The bootsector of DOS 1.0 is celebtaring its 28th birthday today (it contains the timestamp “7-May-81″), so let’s look at it more closely.
DOS 1.0 shipped on a 160 KB single sided disk. The boot code in the IBM PC’s BIOS loaded the first sector into RAM at segment 0×0000, offset 0×7C00 and ran it. Later versions of BIOS checked for 0xAA55 in the last word of the bootsector, but the first version did not. Note that DOS 1.0 is also pre-BIOS Parameter Block, i.e. the bootsector does not contain any information about the physical layout of the disk, since there was only a single disk size.
What the boot sector is supposed to do is read “IBMBIO.COM” and “IBMDOS.COM” into RAM and run them – these are the DOS system files for machine abstraction and DOS API, respectively. In MS-DOS, they would be called “IO.SYS” and “MSDOS.SYS”.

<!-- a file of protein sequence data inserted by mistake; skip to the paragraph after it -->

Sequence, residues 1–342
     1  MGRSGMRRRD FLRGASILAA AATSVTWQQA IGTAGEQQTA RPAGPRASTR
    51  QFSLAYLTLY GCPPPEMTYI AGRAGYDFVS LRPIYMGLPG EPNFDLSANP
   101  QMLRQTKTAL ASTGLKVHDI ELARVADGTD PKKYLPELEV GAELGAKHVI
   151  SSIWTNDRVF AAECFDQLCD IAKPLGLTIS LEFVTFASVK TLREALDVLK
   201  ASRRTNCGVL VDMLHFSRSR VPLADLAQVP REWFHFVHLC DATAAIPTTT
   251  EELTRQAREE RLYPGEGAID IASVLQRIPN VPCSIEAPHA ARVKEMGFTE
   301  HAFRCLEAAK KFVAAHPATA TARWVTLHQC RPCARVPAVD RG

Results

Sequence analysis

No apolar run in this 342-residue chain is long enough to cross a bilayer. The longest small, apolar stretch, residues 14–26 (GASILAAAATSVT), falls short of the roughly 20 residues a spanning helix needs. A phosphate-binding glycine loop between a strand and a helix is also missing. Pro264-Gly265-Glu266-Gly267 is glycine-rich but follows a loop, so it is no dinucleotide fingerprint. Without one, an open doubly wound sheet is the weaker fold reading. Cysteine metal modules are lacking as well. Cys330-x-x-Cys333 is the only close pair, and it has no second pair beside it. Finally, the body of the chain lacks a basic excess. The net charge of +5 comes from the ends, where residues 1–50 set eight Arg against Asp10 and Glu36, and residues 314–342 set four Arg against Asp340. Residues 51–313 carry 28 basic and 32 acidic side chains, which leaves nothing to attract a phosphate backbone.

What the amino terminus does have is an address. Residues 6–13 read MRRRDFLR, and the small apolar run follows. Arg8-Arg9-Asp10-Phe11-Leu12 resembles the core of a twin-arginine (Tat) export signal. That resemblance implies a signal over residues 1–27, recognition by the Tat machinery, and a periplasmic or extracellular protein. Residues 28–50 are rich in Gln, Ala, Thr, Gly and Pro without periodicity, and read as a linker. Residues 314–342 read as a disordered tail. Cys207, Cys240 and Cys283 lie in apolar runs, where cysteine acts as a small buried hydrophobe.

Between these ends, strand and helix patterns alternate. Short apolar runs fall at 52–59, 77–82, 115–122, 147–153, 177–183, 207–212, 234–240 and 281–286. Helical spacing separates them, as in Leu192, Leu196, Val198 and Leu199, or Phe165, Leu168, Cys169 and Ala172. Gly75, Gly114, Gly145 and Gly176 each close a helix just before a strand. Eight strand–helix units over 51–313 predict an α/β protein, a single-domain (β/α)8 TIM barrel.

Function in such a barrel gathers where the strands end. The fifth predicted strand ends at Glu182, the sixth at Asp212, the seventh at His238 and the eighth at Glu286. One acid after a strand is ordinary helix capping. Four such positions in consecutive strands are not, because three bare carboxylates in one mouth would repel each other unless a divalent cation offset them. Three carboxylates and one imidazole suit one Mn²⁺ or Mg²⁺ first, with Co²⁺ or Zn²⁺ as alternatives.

But the DOS 1.0 bootsector takes quite a lot of shortcuts. It assumes it’s always a 40 track, 8 sectors single-sided disk and the two files occupy the first sectors of the data area contiguously – something that SYS.COM could guarantee when making a disk bootable.
So the bootsector first loads the first sector of the root directory (hardcoded to track 0, sector 4) and compares the first two entries with “IBMBIO.COM” and “IBMDOS.COM”. For some reason, the comparison is case-insensitive, although DOS only allows uppercase filenames.